Swine flu: How to quarantine yourself

What happens to the people who have contracted swine flu or who havebeen with someone who has symptoms of the virus? Find out here.

Health authorities are able to instruct people who have been in close contact with someone who has signs or symptoms of swine flu to stay at home and not leave their home or garden in order to prevent the spread of the virus.

When a person with the flu breathes, coughs or sneezes they can spread the flu virus from their respiratory tract.

Droplets carrying the virus can spread up to a metre onto surfaces such as tables, benches and floors.

For more information on home quarantine, visit health.nsw.gov.au

For more resources on swine flu visit: health.gov.au/healthemergency

Swine flu hotline number: 1802007

What is home quarantine?

Quarantine means separating people who are not showing signs of human swine influenza but have possibly been exposed to swine flu from other people in the general community or at home.

How long will I be in quarantine?

You will be in quarantine for at least 7 days after your last exposure or until we are sure you have not been exposed to the virus.

If you develop signs or symptoms of swine flu you will be quarantined for up to 7 days from the start of symptoms.

You will be told by a health care worker when you can leave your home.

Will I need to have tests done?

You will not need to have any tests done unless you develop signs or symptoms of swine flu.

Initial results of swabs will be available within 24 hours and confirmed results within 72 hours.

Can I have visitors?

No, unless they are health care workers coming to treat or check on your progress. Non-household members should not enter your household.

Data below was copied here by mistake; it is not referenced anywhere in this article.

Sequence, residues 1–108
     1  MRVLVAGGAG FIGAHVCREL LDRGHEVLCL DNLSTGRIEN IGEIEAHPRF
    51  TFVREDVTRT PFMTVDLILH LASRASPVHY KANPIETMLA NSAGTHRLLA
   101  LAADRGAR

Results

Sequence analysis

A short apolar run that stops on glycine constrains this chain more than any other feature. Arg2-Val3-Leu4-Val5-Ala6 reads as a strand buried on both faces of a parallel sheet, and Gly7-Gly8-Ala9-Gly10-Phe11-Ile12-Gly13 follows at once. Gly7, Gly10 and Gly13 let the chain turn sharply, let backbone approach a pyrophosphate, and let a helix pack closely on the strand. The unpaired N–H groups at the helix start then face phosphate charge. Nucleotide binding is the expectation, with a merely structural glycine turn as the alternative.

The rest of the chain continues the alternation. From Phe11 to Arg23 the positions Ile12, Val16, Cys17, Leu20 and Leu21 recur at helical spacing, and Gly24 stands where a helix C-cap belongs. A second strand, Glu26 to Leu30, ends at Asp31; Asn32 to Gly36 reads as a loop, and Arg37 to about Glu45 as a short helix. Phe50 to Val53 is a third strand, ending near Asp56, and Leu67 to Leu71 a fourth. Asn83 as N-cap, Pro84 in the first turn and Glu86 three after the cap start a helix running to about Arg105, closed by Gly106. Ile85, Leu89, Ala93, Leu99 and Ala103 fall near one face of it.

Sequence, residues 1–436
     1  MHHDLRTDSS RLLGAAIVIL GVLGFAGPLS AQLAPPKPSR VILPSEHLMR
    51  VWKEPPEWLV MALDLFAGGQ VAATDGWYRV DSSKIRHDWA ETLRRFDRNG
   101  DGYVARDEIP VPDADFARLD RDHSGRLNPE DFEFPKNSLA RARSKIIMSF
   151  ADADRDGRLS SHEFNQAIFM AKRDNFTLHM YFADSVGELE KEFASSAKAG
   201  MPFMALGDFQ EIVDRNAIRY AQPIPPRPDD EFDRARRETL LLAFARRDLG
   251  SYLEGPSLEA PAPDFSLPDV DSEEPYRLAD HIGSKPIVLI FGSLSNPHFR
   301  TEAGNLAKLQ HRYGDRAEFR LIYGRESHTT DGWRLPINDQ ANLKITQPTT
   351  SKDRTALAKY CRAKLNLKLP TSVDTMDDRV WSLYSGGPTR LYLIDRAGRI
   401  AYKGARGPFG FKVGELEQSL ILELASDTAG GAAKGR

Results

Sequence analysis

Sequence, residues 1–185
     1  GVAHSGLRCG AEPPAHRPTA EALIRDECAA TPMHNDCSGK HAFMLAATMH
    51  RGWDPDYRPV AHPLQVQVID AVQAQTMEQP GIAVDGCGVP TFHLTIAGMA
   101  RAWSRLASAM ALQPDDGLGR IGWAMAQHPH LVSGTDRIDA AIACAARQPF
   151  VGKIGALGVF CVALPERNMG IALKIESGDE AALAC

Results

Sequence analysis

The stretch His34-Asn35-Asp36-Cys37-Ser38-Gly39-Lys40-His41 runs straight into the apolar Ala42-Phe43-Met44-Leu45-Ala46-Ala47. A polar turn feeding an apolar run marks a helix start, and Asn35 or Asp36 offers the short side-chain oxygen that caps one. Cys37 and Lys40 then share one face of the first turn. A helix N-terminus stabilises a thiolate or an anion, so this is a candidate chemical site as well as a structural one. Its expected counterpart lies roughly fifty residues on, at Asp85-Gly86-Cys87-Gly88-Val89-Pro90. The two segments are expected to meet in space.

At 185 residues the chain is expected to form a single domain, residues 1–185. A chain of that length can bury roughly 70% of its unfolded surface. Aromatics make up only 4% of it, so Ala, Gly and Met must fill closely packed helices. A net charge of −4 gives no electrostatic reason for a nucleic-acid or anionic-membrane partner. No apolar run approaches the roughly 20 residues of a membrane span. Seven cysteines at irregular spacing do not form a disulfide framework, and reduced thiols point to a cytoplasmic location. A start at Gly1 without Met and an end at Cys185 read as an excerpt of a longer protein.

You might warn expected quests by telephone that they should not visit until you are allowed out of isolation.

What signs and symptoms should I be looking for?

The symptoms of human swine influenza are similar to normal influenza: Fever, cough, tiredness, muscle aches, sore throat, chills, shortness of breath, runny nose, headache.

Some cases of human swine influenza have also complained of vomiting, diarrhoea or pneumonia. Symptoms of influenza generally appear between two to four days after exposure.

What about the shopping?

You should ask neighbours, family or friends to get food and any other essential supplies for you.

They should leave the groceries or supplies on your doorstep and keep at least one metre away from anyone in home isolation.

If you are having difficulties, contact your local Public Health Unit for advice.

What should I do to protect other people in my household?

• Cover your mouth and nose with a disposable tissue when coughing or sneezing. Dispose of tissues into the nearest bin and wash your hands immediately afterwards.

• Avoid touching your eyes, nose or mouth.

• Wash your hands regularly with soap and running water, especially after you cough or sneeze. Alcohol-based gels are also effective.

• If possible, sleep and stay in a separate room to other members of your household.

• Keep your personal items separate and do not share them with others in the household.

• If you develop symptoms of human swine influenza, you should then wear a surgical mask whenever you are close (within one metre) to any member of your household.

Do I have to report to anyone?

A health care worker will contact you each day to follow-up on your progress until you are no longer in quarantine.


If an Australian has contracted swine flu, officers are able to instruct her/him not leave their home or garden in order to prevent the spread of human swine influenza.

Isolation means separating people with symptoms of human swine flu from other people in the general community by isolating them in their home.

You may go outside in your garden but must stay one metre away from your boundary.

How long will I be in isolation?

You will be in isolation until you are well, or until your tests have shown that you do not have human swine influenza, or until seven days after the onset of symptoms of influenza.

You will be told by a health care worker when you can leave home.

For more resources on isolation, visit health.gov.au

Source SBS

Stay up to date with SBS NEWS

  • App
  • Subscribe
  • Follow
  • Listen
  • Watch